Authors: Natalie Hoidal and Marissa Schuh , Extension Educators, University of Minnesota Extension Our biweekly crop by crop growing season prep series continues. This week we are focusing on onions. The more you know about these likely issues, the better prepared you will be to deal with them. Seeding time: weighing the risks of a wet spring Many Minnesota gardening charts tell you to seed onions as early as February, but plenty of growers hold off until mid March. As a general rule of thumb, you should start your onions in Minnesota 10-12 weeks before planting, and transplant a month to a few weeks before the frost-free date. Some growers seed onions with a nurse crop of oats or another cereal to protect them from wind in early spring (which, mixed with cold weather, can cause significant plant stress), but the cereal nurse crop must be terminated with an herbicide, so this is not a viable option for organic growers. As such, organic growers may want to plant a bit more conservativel

New Guide: Comparing Bird Management Tactics for Fruit Crops

Author: Annie Klodd, UMN Extension Educator, Fruit and Vegetable Production We have developed and just released a concise 8-page guide comparing the various management strategies available for bird control in berry crops and vineyards.  The guide provides pros, cons, recommended uses, and helpful tips for each strategy. It also points out some emerging strategies currently being researched.  Click here to download a PDF of the guide.   We hope that this new resource is helpful, and welcome your feedback. Applying bird netting to a vineyard with a NetterGetter. Photo: Annelise Winery.

Grape Winter Bud Survival Data from the HRC

Authors:  Annie Klodd, University of Minnesota Extension John Thull, Jenny Thull and Colin Zumwalde, University of Minnesota Grape Breeding and Enology Program Matt Clark, UMN Assistant Professor, Grape Breeding and Enology   Photo: Pruning and training 3-year old Itasca. Annie Klodd. The grape breeding program team collects annual grapevine bud survival counts at the UMN Horticultural Research Center in late winter. In general, bud survival was high at this location. Most varieties are coming out of the winter very well. The data reported below is meant to help inform grape growers about relative 2021 expectations, but only reflects a sample of vines on one site. Growers must do their own bud survival counts in order to know how each variety did on their vineyard, and to make site-specific pruning decisions. Table: Grapevine bud survival counts, using 2-4 vines per variety, at the UMN Horticultural Research Center in Excelsior, MN, in early March, 2021. Source: John Thull. V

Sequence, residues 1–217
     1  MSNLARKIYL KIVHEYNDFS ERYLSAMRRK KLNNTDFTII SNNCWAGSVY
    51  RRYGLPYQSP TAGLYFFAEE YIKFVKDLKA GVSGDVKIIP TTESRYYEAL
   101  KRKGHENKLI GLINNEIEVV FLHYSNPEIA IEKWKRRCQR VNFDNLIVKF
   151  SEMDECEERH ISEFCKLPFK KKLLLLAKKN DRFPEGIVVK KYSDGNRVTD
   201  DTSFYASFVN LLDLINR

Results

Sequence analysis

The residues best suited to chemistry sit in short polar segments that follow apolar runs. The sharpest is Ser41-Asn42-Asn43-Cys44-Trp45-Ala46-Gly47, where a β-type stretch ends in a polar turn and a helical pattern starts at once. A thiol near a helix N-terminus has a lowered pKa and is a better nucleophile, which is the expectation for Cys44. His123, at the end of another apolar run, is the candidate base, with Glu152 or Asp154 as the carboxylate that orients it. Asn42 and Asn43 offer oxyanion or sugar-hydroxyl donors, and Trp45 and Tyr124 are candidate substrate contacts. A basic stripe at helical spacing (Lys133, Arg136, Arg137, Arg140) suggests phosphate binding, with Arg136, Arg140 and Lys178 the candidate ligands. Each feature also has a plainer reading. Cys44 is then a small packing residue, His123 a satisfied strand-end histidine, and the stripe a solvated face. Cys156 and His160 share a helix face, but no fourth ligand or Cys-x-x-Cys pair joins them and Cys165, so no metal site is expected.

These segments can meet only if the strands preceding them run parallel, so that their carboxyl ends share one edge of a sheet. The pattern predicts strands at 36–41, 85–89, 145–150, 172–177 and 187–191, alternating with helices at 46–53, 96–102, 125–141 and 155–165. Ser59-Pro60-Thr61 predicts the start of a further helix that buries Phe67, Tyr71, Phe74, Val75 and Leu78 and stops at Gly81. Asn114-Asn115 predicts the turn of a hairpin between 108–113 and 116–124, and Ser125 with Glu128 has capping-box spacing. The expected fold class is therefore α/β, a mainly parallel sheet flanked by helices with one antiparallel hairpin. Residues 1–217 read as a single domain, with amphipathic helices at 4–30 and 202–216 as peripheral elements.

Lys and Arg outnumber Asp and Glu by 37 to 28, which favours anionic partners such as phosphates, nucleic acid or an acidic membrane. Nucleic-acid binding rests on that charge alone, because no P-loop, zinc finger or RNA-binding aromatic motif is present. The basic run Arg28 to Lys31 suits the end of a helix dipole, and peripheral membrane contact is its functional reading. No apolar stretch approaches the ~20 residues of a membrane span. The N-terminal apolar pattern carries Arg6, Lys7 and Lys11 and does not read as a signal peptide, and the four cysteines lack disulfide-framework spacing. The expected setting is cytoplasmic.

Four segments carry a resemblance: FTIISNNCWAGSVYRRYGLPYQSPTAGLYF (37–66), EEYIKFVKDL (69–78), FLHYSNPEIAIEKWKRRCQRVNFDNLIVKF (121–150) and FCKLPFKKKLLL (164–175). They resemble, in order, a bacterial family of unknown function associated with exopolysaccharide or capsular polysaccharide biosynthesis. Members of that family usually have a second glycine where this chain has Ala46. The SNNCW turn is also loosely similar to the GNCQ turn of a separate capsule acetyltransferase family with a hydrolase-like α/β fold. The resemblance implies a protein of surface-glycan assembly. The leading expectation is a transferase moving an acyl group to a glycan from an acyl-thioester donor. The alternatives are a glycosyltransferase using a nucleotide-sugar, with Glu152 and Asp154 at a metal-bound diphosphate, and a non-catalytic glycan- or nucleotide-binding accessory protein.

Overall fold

Agricultural Workers Now Eligible for COVID-19 Vaccine

Authors: Natalie Hoidal and Annie Klodd, Extension Educators  Agricultural workers have become eligible for the COVID-19 vaccine. While food processing plant workers will be prioritized (Tier 2) above other agricultural workers (Tier 3), farmers are now eligible to sign up. How do I sign up?  Agricultural workers (or anyone else) in Tier 3 are eligible to receive the vaccine, and should register on the COVID-19 Vaccine Connector website . Once you’ve signed up, you will be notified of available appointments in your area when they become available.  Local public health officials in each county receive vaccines and determine how to allocate them. Individuals in Tier 2 will be prioritized for vaccines, but in the event of a surplus or an unclaimed appointment, individuals in Tier 3 will be notified.  Other websites like and have emerged in recent weeks. They show pharmacies and other vaccine sites with available vaccines.  We asked representatives a